What are Story Walks and how do I get me some?

What are Story Walks and how do I get me some?

What is a Story Walk?

A Story Walk is a 20 minute walk that can take place over a lunch hour. The walk is punctuated by several way markers, poetic engagements with the environment. It could be described as an urban hack of a celtic labyrinth, or a Japanese garden in the streets. Poetic engagement with the environment that directs attention toward beauty, possibility, and an alternative ecology of meaning.

You are busy. The problem is you sometimes skip over the stillness in your life. Rather than flitter forever toward the next thing, you’d like to stop now and again and just breathe.

Often, it feels as though you are skipping and flittering to the demands of a narrative that is not your own.

How might you recapture your own narrative? How might you recapture a more human narrative?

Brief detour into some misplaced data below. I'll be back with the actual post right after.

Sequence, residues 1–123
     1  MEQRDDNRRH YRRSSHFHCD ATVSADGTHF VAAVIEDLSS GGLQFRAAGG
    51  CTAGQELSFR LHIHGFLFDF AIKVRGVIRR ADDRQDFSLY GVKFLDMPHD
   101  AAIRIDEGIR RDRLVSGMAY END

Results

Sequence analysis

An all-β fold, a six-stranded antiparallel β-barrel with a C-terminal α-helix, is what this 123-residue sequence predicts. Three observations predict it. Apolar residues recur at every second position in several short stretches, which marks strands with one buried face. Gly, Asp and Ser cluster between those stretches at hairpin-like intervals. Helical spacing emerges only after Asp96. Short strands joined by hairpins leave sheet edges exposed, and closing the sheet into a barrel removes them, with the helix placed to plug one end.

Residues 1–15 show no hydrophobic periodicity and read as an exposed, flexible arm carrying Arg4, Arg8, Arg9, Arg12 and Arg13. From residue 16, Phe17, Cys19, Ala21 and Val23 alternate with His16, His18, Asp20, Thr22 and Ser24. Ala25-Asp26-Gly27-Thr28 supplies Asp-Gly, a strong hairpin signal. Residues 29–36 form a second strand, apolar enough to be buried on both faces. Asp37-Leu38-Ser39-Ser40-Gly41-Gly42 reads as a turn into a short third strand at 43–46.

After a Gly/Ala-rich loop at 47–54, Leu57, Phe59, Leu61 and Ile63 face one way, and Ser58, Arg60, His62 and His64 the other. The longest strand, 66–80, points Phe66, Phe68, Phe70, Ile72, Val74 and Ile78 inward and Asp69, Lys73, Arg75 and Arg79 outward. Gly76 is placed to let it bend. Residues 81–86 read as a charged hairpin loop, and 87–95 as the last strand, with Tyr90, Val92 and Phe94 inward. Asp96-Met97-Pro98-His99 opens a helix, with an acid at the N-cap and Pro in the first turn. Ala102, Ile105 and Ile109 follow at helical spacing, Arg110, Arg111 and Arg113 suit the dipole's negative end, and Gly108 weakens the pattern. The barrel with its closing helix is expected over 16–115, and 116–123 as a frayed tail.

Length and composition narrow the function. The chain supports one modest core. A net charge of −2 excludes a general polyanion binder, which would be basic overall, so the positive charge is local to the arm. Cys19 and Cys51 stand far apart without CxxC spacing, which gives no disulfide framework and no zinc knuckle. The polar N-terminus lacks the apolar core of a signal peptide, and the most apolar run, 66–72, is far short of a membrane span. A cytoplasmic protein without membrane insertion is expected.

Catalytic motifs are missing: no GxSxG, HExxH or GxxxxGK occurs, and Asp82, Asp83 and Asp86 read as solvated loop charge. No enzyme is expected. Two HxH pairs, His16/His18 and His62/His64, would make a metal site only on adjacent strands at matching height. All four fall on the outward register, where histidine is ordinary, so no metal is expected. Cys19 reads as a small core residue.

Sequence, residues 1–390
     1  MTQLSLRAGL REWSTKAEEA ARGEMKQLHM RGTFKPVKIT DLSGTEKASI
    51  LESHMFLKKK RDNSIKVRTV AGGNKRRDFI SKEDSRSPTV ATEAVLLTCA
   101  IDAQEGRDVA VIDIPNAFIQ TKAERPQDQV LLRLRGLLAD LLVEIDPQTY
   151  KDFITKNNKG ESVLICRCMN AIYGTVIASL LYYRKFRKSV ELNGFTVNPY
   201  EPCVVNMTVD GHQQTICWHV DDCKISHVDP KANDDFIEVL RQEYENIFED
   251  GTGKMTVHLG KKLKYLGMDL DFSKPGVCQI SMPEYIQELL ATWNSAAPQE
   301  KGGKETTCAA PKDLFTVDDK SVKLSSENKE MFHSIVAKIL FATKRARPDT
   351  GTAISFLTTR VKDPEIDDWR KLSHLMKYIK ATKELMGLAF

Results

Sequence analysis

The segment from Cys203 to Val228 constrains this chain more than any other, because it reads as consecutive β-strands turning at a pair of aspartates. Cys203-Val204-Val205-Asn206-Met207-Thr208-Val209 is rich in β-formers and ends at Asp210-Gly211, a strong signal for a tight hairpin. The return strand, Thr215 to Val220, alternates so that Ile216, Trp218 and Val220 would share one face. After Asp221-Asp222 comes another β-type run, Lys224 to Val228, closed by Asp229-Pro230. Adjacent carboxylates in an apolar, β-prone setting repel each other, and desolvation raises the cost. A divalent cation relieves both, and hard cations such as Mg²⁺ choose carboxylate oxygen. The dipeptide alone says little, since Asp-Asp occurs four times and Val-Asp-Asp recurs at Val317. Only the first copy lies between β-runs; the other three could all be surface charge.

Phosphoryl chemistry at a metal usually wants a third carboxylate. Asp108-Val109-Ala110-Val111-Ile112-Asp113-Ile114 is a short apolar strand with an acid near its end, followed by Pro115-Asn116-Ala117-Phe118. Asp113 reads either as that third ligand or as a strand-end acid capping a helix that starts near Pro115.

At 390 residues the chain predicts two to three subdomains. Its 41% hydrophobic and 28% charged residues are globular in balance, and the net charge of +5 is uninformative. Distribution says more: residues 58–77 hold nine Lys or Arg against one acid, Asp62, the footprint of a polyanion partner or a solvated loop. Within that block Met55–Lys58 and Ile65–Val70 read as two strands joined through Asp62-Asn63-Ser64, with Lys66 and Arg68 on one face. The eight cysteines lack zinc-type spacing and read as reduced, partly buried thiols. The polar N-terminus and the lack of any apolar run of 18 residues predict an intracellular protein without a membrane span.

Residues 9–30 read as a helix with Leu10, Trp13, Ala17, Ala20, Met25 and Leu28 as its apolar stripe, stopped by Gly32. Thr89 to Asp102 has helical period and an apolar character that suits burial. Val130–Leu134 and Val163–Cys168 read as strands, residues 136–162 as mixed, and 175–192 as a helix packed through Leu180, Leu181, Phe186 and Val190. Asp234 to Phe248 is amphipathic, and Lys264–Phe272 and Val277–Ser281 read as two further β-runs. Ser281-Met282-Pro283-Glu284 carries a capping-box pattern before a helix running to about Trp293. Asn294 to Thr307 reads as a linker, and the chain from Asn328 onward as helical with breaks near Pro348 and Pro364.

Story Walks are a starting point.


Where do I find Story Walks?

Well, you and your friends have to make them first.


How do I make a Story Walk?

1. CHART a 20 minute walk through your neighbourhood.
Walk for 10 minutes.
Walk back to where you started.
Remember where you went.
Make a map of your route
It’s kinda that simple

2. DENOTE a few points of pause
(release your inner poet)
A Point of Pause articulates your particular and unique insight into a particular place. It is insight that comes from your understanding of what was in that place, or what is in that place, or what could be in that place. Your insight voices your hopes, dreams and imagination. Release your inner poet, or artist, or writer, or photographer, or videographer.

Put your Story Walk maps in a public place in your neighbourhood.


So, tell me a bit more about why I’d want to do this.

Cities are extraordinary examples of human creative capacity. To live in city is to live in an constructed and mediated environment, a built environment. A built environment is a physical manifestation of assumptions about how the world works and how it should work, a manifestation of an unspoken narrative we all assume to be true.